Most noteworthy is that children now celebrate class birthday parties with fun activities instead of outside foods. In other words, kids get up and move rather than shovel junk into their faces. Cupcakes, cookies, chips, and sweetened beverages are now an unhealthful supplement to (or replacement for) lunch nearly 20 fewer times per year.

There are, however, still occasions and events where kids might partake in less-healthful fare at the school — occasions where junk is not only provided, but celebrated. Today, Valentine’s Day, is emblematic. In fact, there was a parent sign-up sheet circulating just last week for my son’s class, seeking volunteers to bring in “treats” (inevitably ultra-processed and highly sugared items if past experience is any indicator) and “juice boxes”

But why?

The arguments against refined snacks and sugary drinks (especially in school) are too numerous to list here. My JAMA piece provides a primer. There is also another free resource I’ve learned about since. In fact, there is lots of other good work from those interested in improving school food and teaching kids to make healthy choices that may be of use to interested parents, motivated administrators, committed teachers, and caring clinicians.

So now we just have to inspire change. I hope my article can help. As two of my readers wrote me:

“I hope [your piece] will encourage other parents to get involved in this sort of positive intervention in schools. A copy [of your article] is going to friends in Canada and the UK today!

“I will save your article to share with others, and will use it in my teaching.”

Today is Valentine’s Day. It’s all about love. Let’s share the love and share the message. Let’s help our kids live joyous, nourishing, healthful lives and get the most out of their experiences at school. Let’s help protect them from so frequently being junked.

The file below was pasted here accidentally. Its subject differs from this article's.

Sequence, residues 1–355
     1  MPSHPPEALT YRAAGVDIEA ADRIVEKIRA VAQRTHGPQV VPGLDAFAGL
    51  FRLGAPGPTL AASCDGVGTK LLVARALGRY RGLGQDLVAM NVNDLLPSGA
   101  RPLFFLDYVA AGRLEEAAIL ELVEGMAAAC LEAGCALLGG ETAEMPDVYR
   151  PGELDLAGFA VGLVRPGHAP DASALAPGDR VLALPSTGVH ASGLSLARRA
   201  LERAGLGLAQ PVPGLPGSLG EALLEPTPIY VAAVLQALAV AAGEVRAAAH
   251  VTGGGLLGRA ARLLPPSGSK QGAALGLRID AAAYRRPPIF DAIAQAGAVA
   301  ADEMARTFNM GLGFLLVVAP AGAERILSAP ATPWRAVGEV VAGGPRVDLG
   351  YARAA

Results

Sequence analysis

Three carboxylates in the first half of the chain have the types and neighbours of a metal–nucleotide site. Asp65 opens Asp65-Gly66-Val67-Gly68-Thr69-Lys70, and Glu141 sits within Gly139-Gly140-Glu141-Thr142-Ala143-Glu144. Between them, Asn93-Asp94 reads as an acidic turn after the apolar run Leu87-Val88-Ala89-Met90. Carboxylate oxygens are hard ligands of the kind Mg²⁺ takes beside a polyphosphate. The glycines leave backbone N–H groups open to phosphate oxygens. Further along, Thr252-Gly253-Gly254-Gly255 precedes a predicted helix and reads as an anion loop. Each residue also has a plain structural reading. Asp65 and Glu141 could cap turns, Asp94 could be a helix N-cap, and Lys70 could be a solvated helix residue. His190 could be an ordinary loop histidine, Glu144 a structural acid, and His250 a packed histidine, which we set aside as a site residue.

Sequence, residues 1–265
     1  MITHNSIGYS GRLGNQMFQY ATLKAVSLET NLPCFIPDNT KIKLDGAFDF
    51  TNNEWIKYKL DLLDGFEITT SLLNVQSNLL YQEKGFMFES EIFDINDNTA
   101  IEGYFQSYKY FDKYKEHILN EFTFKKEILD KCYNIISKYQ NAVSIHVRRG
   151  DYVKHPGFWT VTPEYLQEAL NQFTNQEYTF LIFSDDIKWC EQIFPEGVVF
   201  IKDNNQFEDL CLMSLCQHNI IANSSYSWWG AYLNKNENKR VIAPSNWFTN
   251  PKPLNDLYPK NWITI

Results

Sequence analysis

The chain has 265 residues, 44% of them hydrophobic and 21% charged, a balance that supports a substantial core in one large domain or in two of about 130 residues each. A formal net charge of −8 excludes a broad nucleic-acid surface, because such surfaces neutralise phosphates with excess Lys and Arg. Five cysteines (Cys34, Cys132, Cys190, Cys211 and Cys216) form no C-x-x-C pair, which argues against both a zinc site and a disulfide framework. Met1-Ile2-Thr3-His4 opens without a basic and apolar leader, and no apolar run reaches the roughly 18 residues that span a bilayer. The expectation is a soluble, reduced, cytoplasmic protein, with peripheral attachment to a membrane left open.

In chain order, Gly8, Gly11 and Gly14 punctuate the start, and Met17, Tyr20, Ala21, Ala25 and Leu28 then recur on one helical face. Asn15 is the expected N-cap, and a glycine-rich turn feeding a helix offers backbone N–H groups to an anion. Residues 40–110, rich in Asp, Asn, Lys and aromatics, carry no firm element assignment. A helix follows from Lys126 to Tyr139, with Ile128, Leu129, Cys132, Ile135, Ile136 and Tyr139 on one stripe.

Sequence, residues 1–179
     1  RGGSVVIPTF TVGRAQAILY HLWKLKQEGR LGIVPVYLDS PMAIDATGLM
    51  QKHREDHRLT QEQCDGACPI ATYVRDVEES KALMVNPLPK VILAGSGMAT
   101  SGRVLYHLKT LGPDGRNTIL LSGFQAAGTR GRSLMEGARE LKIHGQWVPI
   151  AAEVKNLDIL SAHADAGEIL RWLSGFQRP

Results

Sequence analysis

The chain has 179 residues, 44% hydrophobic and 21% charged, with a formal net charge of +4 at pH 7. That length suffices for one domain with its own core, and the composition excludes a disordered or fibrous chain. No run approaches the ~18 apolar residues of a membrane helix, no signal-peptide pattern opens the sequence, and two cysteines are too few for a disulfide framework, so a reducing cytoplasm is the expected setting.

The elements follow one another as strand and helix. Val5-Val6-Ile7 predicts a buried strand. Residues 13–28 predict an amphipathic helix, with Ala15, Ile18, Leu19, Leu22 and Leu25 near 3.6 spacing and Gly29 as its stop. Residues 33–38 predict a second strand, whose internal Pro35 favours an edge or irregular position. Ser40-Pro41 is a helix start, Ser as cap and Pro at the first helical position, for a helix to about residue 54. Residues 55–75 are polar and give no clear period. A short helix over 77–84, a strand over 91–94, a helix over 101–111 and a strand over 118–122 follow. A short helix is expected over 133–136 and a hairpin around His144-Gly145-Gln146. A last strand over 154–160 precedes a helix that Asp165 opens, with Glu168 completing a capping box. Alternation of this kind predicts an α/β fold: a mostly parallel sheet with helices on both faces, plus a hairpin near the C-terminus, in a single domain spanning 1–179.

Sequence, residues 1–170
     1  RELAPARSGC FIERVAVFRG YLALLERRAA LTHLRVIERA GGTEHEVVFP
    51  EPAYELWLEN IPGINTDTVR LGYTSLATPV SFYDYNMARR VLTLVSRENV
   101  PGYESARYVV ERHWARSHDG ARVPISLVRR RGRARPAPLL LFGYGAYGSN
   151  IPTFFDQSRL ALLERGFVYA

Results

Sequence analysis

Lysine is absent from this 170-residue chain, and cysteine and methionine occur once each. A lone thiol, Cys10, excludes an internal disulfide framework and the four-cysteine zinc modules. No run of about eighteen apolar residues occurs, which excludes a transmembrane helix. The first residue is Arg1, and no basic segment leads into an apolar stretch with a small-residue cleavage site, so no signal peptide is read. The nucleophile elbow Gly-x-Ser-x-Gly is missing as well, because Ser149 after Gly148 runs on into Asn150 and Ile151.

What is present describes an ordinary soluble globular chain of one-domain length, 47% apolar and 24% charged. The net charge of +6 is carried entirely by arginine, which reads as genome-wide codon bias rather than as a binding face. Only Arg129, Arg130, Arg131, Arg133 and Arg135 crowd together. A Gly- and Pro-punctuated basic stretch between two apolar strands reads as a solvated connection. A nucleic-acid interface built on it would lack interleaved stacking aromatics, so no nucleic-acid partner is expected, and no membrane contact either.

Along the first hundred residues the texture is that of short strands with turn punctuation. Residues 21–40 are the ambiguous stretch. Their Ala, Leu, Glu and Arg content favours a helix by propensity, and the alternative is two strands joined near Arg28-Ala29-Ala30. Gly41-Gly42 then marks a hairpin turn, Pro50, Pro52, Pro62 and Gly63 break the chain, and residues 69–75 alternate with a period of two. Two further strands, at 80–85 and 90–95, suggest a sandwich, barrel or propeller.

Photo credit: Laura Ockel

Originally published at on February 14, 2017.

Originally published at


  • Sean C. Lucan

    Family physician, public health and health policy researcher, MD, MPH, MS

    Sean Lucan is a practicing family physician in the Bronx, NY. He is also an award-winning NIH-funded investigator, who has published numerous peer-reviewed articles and thought pieces on food-related issues.  Additionally, he has co-authored one textbook on nutrition and another on biostatistics, epidemiology, preventive medicine, and public health.   Dr. Lucan earned his MD and MPH degrees at Yale before completing residency training in Family Medicine and Community Health at the University of Pennsylvania.  After residency, he completed a fellowship in the Robert Wood Johnson Foundation Clinical Scholars Program, where he earned an MS in Health Policy Research.  Dr. Lucan was also a fellow at the National Academy of Medicine (formerly Institute of Medicine).  He is currently a member of the research faculty in the Department of Family and Social Medicine at Albert Einstein College of Medicine, Montefiore Health System.   A focus of Dr. Lucan's research is how different aspects of urban food environments may influence what people eat, and what the implications are for obesity and chronic diseases, particularly in low-income and minority communities.  Another focus of his work is the critical examination of clinical guidance and public health initiatives.